Washington Star Athlete Uses Athletics to Empower Female Students


Toby Wilmet Wiedenmayer ’01, Field Hockey, Softball, Hall of Fame 2012 Inductee

Toby Wilmet Widenmayer

The best field hockey goalkeeper in Washington College history, Toby Wilmet Wiedenmayer ’01 built a career of achievements that will likely never be matched. She earned a long list of accolades, most notably being named NCAA Woman of the Year for the State of Maryland her senior year. Also a fine softball player, she was inducted into Washington’s Athletic Hall of Fame in 2012 for both sports. 

As one of a family of four sisters, all of whom work in education, Wiedenmayer knows the power of investing in girls from her personal experience as a student-athlete and from a career spent giving others the opportunities she had. During an 18-year tenure with a Reno, Nevada charter school, first as a teacher then as principal, she helped students see themselves differently through the introduction of sports and other opportunities.  

“Sports are an equalizer and create paths for female empowerment,” she says.  

With talent that would stand out at any level, Wiedenmeyer chose Division III for the quality of life it offered a two-sport athlete. Her older sister, Rachel Boyle, had become assistant to Washington’s Sarah Feyerherm, and field hockey had become one of the most popular fall sports on campus after the team made the NCAA National Tournament the previous year. 

“I came in as a freshman with the immediate opportunity to play,” says Wiedenmeyer, whose aggressive style was a gamechanger. “I’d come out of the goal and challenge players one-on-one. Being aggressive, my team rallied around me. It was special.”  

The team made the NCAA tournament again her freshman year in part because of Wiedenmayer’s style of play. But she had actually been a reluctant youth hockey player. Her no-holds-barred approach was first developed in softball.  

“I was a catcher and liked being in the gear, even in T-Ball,” she says. “I didn’t love hockey until they moved me to goalkeeper. I was fearless in softball and brought that to hockey.”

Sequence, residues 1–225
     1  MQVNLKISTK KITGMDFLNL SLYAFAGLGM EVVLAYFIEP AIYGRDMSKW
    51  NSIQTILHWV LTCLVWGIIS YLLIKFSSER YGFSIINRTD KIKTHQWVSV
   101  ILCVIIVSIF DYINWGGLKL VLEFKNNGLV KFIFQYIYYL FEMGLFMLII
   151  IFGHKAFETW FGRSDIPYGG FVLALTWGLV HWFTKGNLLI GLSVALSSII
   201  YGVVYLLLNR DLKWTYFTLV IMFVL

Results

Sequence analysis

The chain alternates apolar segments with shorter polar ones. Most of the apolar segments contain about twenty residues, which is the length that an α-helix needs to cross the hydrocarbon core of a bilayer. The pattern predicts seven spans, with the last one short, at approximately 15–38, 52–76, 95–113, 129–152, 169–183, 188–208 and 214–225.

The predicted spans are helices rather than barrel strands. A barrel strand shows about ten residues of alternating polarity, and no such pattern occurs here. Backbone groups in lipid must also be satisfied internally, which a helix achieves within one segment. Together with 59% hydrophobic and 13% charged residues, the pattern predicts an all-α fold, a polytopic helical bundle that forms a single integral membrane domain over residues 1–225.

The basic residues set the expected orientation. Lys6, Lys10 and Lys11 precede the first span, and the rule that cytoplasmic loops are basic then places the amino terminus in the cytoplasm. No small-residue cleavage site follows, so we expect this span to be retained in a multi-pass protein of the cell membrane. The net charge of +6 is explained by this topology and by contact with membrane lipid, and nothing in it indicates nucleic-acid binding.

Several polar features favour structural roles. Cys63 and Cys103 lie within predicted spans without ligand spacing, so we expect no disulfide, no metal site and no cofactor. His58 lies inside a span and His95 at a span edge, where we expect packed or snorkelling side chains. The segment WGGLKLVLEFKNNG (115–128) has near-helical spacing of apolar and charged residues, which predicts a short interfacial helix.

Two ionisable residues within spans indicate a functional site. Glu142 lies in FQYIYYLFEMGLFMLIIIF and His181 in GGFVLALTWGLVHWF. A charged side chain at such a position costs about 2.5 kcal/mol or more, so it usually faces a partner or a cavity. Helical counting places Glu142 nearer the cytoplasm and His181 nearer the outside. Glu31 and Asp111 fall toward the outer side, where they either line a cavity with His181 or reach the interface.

Her results speak for themselves: 22 career shutouts in hockey, boasting eight in one season (both records still stand); 15 stolen bases denied in softball over just three seasons. Missing her junior softball season for a semester studying archaeology at South Africa’s Rhodes University, she put her time to good use, playing field hockey for the university, making the regional team, and competing in that country’s national tournament.  

As a female athlete at Washington, Wiedenmayer “felt very empowered. There was a sisterhood,” she says, “and our teams were well taken care of.” It was a position she did not take for granted. As a field hockey prospect, she had attended competitive camps run by Title IX pioneers. “Those strong women created a space where we could thrive,” she says. 

As she has throughout her career, Wiedenmayer is continuing to seek ways to continue that legacy of making space for the next generation. She relocated to her native Pennsylvania last year to be closer to family and returned to the classroom. Just as she did in Nevada, she sees sports as a powerful tool to help the girls she is teaching. 

“It’s a unique privilege to see students grow into their best selves through wins and losses,” she says. “Sport teaches you to do what you’re passionate about. If you love what you’re doing, you want to work at it. And it will bring you joy.”